A tense silence reigns in the swampy meadow of Bandhavgarh National Park. The water of the small lake does not move, the leaves do not creak, the songs of the birds suddenly cease. Spotted deer smell the air with nervous gestures. Even the wind holds its breath, waiting for events. Seconds of tension pass in slow motion. Then, everything explodes. An orange shadow emerges at the speed of vertigo from its hiding place; it is the so-called “alpha predator”, which catches the nearest deer with its retractable claws. The Bengal tiger is victorious in this daily drama of life and death in Bandhavgarh, something he gets on average once every 20 attempts.
We introduce you to the Bandhavgarh National Park, the park that offers the most probability of tiger sighting in its natural habitat. This is the second article in a series of three, dedicated to the majestic national parks of Madhya Pradesh that belong to the “Tiger Project”.
Bandhavgarh National Park: Description and technical sheet.
Location and History: Bandhavgarh was declared a national park in 1968. Previously it was a hunting ground for maharajas and guests. With an extension of 105 km² along the Vindhya mountains in Madhya Pradesh, and with an area of influence of 400 km², it owes its name to its most prominent mound (« Bandhavgarh » – brother’s fortress), which the Hindu God Rama He entrusted his brother Lakshmana to keep an eye on the area.
Landscape: The terrain is broken by a rocky mountain range, which rises from east to west, interspersed by small swampy grasslands, known locally as “bohera ” and by numerous wooded valleys.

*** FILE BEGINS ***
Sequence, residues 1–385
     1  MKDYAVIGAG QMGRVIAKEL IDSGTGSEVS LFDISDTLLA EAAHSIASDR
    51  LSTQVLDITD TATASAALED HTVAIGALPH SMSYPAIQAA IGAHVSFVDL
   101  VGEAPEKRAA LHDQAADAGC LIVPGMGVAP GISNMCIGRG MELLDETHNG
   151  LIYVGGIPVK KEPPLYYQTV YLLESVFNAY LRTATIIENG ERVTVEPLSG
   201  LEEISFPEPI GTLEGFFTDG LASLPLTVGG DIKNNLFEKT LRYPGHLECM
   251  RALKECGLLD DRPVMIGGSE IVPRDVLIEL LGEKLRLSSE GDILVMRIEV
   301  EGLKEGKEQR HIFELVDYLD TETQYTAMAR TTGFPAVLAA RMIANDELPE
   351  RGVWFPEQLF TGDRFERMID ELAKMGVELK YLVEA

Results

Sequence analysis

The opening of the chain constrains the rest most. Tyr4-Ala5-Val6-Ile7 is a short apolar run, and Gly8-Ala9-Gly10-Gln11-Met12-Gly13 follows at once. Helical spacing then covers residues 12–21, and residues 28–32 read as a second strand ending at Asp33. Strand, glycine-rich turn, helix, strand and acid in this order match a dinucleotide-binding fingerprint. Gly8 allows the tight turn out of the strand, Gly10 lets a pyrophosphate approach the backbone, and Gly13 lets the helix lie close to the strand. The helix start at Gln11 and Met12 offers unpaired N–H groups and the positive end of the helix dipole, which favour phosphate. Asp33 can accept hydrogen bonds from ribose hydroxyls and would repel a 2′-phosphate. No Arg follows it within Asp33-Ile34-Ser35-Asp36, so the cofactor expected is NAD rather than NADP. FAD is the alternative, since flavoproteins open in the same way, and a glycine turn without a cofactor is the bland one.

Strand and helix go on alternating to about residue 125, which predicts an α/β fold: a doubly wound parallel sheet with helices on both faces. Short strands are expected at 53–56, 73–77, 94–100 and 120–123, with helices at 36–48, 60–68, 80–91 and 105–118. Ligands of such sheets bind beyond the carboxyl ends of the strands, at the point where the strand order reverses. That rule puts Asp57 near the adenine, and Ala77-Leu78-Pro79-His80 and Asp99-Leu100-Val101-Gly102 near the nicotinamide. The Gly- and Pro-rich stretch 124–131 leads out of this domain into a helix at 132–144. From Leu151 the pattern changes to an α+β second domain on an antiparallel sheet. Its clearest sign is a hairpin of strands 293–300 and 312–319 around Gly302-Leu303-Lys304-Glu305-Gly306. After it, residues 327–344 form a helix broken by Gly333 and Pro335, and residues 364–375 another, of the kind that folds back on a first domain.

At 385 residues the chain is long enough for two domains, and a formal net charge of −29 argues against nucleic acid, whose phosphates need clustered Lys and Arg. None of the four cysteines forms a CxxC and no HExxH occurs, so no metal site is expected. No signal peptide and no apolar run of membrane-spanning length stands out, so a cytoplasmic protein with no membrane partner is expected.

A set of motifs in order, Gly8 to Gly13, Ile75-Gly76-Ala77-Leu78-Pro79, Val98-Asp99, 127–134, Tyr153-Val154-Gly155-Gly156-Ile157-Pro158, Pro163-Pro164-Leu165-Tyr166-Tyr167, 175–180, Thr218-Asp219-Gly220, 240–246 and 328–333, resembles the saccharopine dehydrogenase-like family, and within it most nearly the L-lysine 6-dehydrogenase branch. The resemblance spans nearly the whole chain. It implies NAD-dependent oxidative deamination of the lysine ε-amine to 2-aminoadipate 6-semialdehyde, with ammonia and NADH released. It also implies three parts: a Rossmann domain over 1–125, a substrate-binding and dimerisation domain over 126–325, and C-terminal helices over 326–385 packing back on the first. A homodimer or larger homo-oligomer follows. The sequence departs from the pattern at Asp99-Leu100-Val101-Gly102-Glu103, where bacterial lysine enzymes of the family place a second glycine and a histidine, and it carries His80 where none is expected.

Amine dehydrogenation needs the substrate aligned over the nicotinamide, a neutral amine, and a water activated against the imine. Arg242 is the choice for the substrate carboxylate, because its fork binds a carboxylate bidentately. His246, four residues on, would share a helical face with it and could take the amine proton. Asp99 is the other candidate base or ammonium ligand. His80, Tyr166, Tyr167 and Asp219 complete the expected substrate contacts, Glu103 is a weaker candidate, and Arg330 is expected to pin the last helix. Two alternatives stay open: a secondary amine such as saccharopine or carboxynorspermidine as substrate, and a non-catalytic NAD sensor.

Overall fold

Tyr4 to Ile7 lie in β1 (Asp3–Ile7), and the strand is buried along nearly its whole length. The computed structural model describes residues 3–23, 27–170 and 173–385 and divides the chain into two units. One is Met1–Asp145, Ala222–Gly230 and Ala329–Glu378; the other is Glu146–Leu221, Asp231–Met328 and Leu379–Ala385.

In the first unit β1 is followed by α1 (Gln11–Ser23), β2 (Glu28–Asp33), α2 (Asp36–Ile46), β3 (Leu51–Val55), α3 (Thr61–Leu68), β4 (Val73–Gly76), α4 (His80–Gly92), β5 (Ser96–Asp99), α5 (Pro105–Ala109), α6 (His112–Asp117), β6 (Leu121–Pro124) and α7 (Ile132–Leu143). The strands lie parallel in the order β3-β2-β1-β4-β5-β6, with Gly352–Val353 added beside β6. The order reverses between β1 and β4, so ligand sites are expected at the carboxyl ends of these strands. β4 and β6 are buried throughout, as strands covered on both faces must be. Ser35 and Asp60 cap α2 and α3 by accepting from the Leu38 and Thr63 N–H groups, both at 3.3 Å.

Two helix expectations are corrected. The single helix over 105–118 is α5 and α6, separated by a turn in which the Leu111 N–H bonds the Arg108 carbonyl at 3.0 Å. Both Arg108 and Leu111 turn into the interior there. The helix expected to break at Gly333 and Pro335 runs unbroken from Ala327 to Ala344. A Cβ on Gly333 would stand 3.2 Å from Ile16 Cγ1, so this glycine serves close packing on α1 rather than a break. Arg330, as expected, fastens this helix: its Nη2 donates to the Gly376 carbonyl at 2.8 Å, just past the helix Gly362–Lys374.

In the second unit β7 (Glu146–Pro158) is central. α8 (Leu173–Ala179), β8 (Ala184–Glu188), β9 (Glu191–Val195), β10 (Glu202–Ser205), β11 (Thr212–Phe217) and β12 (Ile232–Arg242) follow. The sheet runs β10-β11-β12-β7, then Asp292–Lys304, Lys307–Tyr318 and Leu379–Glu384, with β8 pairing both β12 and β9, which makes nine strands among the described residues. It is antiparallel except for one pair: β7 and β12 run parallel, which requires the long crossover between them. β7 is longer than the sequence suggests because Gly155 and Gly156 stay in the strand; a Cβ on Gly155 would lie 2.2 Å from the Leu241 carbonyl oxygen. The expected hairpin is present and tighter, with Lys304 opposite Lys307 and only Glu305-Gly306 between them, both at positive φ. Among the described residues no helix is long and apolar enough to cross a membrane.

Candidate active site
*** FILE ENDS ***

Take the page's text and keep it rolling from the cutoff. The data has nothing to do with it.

Featured fauna: The density of the Bengal Tigers, the main stars of the park, is the highest of the national parks included in the “Tiger Project”. Currently 22 tigers live in Bandhavgarh (one for every 5 km²). That has led local guides to say that “in other national parks you have to be lucky to spot a tiger. In Bandhavgarh you have to have very bad luck to not do it ». In fact, against the current trend, the Bandhavgarh has been increasing its population of tigers for five decades. What sometimes involves conflicts with the villages surrounding the area of influence?
In addition, there are plenty of porcupines, wild boars, sambares (Asian deer), mottled deer and lazy bears. And there have been sightings of Indian wolf. Tigers share the abundance of prey with Asian leopards. In the park there are 37 species of mammals and about 250 species of birds.
Essential: Mount Bandhavgarh dominates the center of the national park, 811 m above sea level and with stunning views of the surrounding valleys.
How to get there: It is 190 km from Jabalpur, the nearest airport. From there, we arrive in Bandhavgarh in about 3 hours by bus or car.
Visits: The ideal time to spot tigers runs from November to June. The morning safari takes place from 06:15 to 10:20; the evening from 15:15 to 18:20. The park is closed from July 1 until September 30.
Trivia: Bandhavgarh was known as “the country of the white tiger.” White tigers (Bengal tigers with a genetic condition that almost eliminates the orange pigment of the skin) were sighted for the first time in the former state of Rewa, in whose heart is Bandhavgarh today. Maharaja Martand Singh killed the last free white tiger in 1951.
In order to appreciate the three jewels of Madhya Pradesh and the king of all Asian cats, and to learn about the development and scope of the “Tiger Project”, we recommend our seven-night program in Pench, Kanha and Bandhavgarh from $ 2170 (1610 € approx.) Per person.